- “Covington County Emergency Management Agency protects communities by coordinating and integrating all activities necessary to build, sustain, and improve the capability to mitigate against, prepare for, respond to, and recover from threatened or actual natural disasters, acts of terrorism or other man-made disasters. Covington County Emergency Management Agency works closely with Law Enforcement, Fire Services, Emergency Medical Services, Public Works, and other agencies, both local, state, and federal, to achieve the goal of protecting Covington County.”
Emergency Management Cores
- Covington County Emergency Management Agency takes an all-hazards approach to addressing natural and man-made disasters. With the approach, the 4 core principles are applied to each disaster, regardless of what it is:
- Covington County Emergency Management Agency serves as the 911 Addressing agency for the county. Citizens can fill out an application form to begin the address process. See the link on our website for more details.
- The Covington County Emergency Management Agency Director also serves as the county floodplain administrator. Covington County participates in the National Flood Insurance Program (NFIP) as a way to better serve the community and citizens. The (NFIP) is the primary source of flood insurance coverage for residential properties in the United States. The NFIP has two main policy goals: (1) to provide access to primary flood insurance, thereby allowing for the transfer of some of the financial risk of property owners to the federal government; and (2) to mitigate and reduce the nation’s comprehensive flood risk through the development and implementation of floodplain management standards.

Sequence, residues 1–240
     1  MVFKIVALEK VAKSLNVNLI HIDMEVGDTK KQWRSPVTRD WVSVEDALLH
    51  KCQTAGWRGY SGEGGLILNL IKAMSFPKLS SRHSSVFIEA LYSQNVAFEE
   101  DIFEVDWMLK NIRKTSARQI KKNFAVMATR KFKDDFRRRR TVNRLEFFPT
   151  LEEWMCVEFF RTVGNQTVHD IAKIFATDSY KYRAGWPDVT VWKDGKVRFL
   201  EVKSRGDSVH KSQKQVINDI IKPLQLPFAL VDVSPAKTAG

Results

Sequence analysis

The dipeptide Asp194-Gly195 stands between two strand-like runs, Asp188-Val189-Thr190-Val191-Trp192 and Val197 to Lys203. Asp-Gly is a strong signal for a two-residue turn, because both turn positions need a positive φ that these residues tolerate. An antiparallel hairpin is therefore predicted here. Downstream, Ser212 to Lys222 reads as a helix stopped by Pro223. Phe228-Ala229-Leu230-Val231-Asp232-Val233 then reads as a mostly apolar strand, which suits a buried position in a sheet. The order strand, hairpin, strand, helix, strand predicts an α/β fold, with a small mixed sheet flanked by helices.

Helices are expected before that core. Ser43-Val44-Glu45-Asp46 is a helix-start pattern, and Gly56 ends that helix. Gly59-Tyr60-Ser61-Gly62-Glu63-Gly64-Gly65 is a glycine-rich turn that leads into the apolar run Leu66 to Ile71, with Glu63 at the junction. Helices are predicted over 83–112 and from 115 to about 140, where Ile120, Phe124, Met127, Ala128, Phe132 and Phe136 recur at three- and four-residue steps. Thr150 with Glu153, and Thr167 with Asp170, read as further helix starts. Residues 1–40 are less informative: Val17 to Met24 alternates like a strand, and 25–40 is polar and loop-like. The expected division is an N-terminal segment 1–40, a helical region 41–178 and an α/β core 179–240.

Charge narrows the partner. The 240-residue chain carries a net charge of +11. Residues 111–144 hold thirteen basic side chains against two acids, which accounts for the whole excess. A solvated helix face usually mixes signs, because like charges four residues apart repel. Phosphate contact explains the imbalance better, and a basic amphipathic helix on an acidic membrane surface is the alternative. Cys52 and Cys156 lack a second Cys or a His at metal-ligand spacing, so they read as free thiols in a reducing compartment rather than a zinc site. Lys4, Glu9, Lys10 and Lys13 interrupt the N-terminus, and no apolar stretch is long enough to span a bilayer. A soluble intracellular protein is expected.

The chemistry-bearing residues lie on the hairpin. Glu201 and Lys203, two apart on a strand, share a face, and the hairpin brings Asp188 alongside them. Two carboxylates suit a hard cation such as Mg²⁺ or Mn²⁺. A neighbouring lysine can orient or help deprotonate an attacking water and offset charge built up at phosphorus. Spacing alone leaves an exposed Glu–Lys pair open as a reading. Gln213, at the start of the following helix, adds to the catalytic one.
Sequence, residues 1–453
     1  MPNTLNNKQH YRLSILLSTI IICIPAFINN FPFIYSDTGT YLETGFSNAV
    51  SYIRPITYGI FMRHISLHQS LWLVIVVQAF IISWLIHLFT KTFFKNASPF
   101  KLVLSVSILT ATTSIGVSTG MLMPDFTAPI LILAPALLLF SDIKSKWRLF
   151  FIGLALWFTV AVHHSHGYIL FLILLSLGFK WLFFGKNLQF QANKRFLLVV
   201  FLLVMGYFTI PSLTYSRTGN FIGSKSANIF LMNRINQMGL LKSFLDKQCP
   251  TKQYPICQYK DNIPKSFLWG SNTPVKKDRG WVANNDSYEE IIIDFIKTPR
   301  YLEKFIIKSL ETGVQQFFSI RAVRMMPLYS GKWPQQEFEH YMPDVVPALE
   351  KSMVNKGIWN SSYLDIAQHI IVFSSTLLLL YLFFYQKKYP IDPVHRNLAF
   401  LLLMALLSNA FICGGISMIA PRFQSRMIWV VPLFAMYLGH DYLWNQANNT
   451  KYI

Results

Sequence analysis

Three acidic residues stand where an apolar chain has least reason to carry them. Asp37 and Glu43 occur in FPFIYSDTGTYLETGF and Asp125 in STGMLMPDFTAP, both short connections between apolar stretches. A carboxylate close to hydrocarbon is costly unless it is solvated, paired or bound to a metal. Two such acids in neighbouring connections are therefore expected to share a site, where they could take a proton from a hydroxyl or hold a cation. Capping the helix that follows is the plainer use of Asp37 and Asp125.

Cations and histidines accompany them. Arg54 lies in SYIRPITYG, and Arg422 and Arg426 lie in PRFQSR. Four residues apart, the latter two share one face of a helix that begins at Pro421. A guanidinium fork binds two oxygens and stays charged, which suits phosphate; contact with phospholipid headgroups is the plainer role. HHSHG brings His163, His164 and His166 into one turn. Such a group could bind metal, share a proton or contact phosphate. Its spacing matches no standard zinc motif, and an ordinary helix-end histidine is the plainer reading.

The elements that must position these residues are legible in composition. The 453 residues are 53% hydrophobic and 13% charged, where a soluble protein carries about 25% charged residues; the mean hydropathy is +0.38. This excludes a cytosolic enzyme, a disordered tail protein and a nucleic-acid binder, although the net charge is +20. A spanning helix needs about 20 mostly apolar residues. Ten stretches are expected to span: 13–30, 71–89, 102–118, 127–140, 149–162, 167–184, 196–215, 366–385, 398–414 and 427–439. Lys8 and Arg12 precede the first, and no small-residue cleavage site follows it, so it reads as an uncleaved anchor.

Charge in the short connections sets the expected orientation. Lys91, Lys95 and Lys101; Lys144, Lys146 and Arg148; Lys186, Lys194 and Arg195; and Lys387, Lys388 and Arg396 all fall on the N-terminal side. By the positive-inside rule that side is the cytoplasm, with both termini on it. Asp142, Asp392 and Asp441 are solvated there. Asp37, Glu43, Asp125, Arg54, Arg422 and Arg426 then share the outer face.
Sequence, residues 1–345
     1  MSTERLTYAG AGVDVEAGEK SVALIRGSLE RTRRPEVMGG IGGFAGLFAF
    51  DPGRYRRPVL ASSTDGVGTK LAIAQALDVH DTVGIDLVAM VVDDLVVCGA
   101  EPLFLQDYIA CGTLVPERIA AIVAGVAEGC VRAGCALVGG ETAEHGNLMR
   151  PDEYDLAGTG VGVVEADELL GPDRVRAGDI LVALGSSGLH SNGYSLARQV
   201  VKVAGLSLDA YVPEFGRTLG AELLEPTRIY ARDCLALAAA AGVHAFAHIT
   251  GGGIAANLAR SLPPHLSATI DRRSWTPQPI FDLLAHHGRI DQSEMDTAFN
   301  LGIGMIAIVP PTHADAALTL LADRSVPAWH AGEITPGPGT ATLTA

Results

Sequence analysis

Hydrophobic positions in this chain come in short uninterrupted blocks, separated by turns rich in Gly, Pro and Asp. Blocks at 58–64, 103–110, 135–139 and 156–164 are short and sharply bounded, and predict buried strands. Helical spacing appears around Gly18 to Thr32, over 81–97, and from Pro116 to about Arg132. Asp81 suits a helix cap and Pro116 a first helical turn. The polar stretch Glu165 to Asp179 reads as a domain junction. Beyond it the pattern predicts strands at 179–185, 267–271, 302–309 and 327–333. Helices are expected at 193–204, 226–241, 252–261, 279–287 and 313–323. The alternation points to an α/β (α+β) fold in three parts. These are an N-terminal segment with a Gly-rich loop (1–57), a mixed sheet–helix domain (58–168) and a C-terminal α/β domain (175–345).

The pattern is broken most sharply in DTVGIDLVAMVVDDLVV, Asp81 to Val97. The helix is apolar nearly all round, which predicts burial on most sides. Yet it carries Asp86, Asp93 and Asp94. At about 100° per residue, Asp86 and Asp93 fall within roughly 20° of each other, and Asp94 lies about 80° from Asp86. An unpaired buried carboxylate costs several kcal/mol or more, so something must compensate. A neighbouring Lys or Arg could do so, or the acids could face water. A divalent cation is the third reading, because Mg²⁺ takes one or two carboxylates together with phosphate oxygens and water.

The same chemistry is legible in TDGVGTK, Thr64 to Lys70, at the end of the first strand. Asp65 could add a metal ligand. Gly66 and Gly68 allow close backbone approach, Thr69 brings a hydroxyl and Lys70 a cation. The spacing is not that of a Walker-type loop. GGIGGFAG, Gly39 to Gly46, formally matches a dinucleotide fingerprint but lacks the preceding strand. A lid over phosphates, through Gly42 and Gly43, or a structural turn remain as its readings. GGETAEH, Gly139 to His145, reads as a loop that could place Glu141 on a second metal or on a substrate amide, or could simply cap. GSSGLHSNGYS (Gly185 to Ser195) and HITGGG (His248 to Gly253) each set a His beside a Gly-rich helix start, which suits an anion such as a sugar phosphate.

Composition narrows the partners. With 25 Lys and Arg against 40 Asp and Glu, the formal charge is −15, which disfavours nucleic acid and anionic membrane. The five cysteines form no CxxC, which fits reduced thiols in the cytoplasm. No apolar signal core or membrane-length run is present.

A longer-term objective of the NFIP is to reduce federal expenditure on disaster assistance after floods.As a public insurance program, the goals of the NFIP are different from the goals of private sector insurance companies. It encompasses social goals to provide flood insurance in flood-prone areas to property owners who otherwise would not be able to obtain it and to reduce the government’s cost after floods. The NFIP also engages in many “noninsurance” activities in the public interest: it identifies and maps flood hazards, disseminates flood-risk information through flood maps, requires community land-use and building-code standards, contributes to community resilience by providing a mechanism to fund rebuilding after a flood, and offers grants and incentive programs for household- and community-level investments in flood-risk reduction.